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Scientific Opinion on an application by Syngenta (EFSA-GMO-DE-2009-66) for placing on the market of herbicide tolerant and insect resistant maize Bt11 × MIR162 × MIR604 × GA21 and subcombinations independently of their origin for food and feed uses, import and processing under Regulation (EC) No 1829/2003


Panel members at the time of adoption

Andrew Nicholas Birch, Josep Casacuberta, Adinda De Schrijver, Achim Gathmann, Mikolaj Antoni Gralak, Philippe Guerche, Huw Jones, Barbara Manachini, Antoine Messéan, Hanspeter Naegeli, Elsa Ebbesen Nielsen, Fabien Nogué, Christophe Robaglia, Nils Rostoks, Jeremy Sweet, Christoph Tebbe, Francesco Visioli and Jean-Michel Wal.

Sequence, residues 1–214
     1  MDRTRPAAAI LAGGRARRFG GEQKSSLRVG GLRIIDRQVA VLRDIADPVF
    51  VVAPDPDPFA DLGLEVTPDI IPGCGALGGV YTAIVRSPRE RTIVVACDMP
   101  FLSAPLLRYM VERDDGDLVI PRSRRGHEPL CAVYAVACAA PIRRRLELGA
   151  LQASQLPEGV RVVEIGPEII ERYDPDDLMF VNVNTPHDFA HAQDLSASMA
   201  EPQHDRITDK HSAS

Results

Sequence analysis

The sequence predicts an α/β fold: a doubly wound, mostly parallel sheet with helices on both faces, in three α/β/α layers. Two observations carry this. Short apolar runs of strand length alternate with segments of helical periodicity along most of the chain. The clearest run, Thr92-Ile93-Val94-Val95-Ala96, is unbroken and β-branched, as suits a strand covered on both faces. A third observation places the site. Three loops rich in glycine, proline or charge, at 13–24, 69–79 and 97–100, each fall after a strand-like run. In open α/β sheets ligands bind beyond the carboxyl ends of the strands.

The EFSA GMO Panel previously assessed the four single events combined to produce a four-event stack maize Bt11 × MIR162 × MIR604 × GA21 and did not identify safety concerns. In this opinion, the EFSA GMO Panel assesses the four-event stack maize and all its subcombinations independently of their origin. No new data on the single events, leading to modification of the original conclusions on their safety, were identified. The molecular, agronomic, phenotypic and compositional data on the four-event stack maize did not give rise to safety concerns and there is no reason to expect interactions between the single events impacting on the food and feed safety of the four-event stack maize. Considering the routes of exposure and limited exposure levels, the Panel concludes that this four-event stack maize would not raise safety concerns in the event of accidental release of viable grains into the environment. The EFSA GMO Panel concludes that the four-event stack maize is as safe and as nutritious as its conventional counterpart in the context of its scope. Among the 10 subcombinations, four have been assessed previously and no safety concerns were identified. For the remaining six subcombinations, the EFSA GMO Panel followed a weight-of-evidence approach, and concluded they are expected to be as safe as the four-event stack maize. For some subcombinations that could be produced by conventional crossing through targeted breeding approaches, little or no specific data were submitted, giving rise to uncertainties due to data gaps. To reduce these uncertainties and to confirm assumptions made for the assessment of these subcombinations, the EFSA GMO Panel recommends that the applicant collate relevant information, if these subcombinations were to be created via targeted breeding approaches and commercialised in the future. In this case, this information should focus on expression levels of the newly expressed proteins.

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